Steven Brooks' Blog

Student @Flatiron School

Serialize Attributes

So after I successfully jail-rigged my blog, I can now make new posts. I have a bunch that I want to talk about, but one I wanted touch on today was serializing attributes for a model.

Here is the scenario. One of the index pages for my currently client lists all the items they have available for rent (it’s a music company). They have microphones, computers, instruments, anything you could rent. It’s probably about 10 different categories of products that a customer can rent.

I built the back end with ActiveAdmin so the client can easily change the content of the site. The previous developer had hard coded all of the content, and the client was not comfortable going into the actual code to make changes.

So we have a rental page that lists all the items for rent. Because there are 10 different categories of items, do I want to make 10 different models and do the proper associations, or because the items only have names do I want to come up with something else?

I found out that I could serialize an attribute in rails. Its super simple:

My params

What we are doing his is simple, rather than creating a whole nothing model and creating the association, this model (staff), can have many titles, but those titles cannot have many attributes.

This was a really good way for allow the client to add many single attribute attributes to a model.


If this works I have figured out how to jail rig posts.

I’m Back

Dear Everyone Who Has Read My Blog,

According to my watch, it should have been about two months since I last blogged. These past two months have been a very challenging time for me as my father recently passed away.

I will be starting up my blog again soon as within the last week or so I have been able to get back to programming. One of the things I have been working on has been speeding up my Workout App and adding Eager Loading into my application. Thus far I have eliminated a little over 60% of my queries.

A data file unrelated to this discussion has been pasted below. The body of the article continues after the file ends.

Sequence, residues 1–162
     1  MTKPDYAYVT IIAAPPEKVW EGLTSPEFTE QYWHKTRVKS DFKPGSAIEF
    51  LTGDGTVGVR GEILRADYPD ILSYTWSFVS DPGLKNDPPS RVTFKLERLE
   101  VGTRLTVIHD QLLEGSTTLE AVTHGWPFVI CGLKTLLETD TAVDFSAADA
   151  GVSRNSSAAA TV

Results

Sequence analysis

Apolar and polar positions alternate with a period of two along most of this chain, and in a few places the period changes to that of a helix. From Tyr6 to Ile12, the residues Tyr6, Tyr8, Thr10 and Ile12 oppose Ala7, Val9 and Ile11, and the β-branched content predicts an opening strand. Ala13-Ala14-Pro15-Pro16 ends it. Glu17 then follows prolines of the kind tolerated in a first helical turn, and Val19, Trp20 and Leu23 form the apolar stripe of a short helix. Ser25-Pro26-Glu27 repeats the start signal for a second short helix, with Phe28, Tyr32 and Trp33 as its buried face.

Actually it’s probably better I do some stuff now. In my Workout App the individual workouts #show page has a visual representation of a users workout through the Google Charts. Originally, my #show action looked like this:

My params

Very strait forward, I had created a :graph method that would all the charts to work. When I do this, here is what the queries look like:

My params

Yuck, that’s 18 queries, and although it’s not very slow on my current app, if this workout had more than a few exercises with a few sets, it could be much slower.

Then I started looking into Eager Loading, which allowed me to turn my #show action into:

My params

Here, I am loading the routine for the action, that routine belongs to a user and has many lifts. Those lifts belong to an exercise and have many infos. So now when I Eager Load into the instance of routine and run the :graph method, we get this:

My params

Just 5 queries.

A Lot to Come Ahead


Unfortunately that last few days I have not been able to update my blog due to a family emergency. The good news is that I have still been finding a few hours here and there to get some coding work in. In the past few days I have authenticated users with Devise and Omiauth (together) as well as added the Letsrate gem to my workout application (allowing each exercise to have a 5 star rating). I plan on writing at least 2 post from these topics when I get a chance. I also spun up an app with the ActiveAdmin gem but I will only be giving a link to the pseudo (a little outdated) blog I followed for it. I will also be added a post for some of the gotcha’s I encountered while setting up Rspec and FactoryGirl today.

Push It Real Good

Real quick post today on deployment.

The apps I made thus far have all been deployed following these guidelines: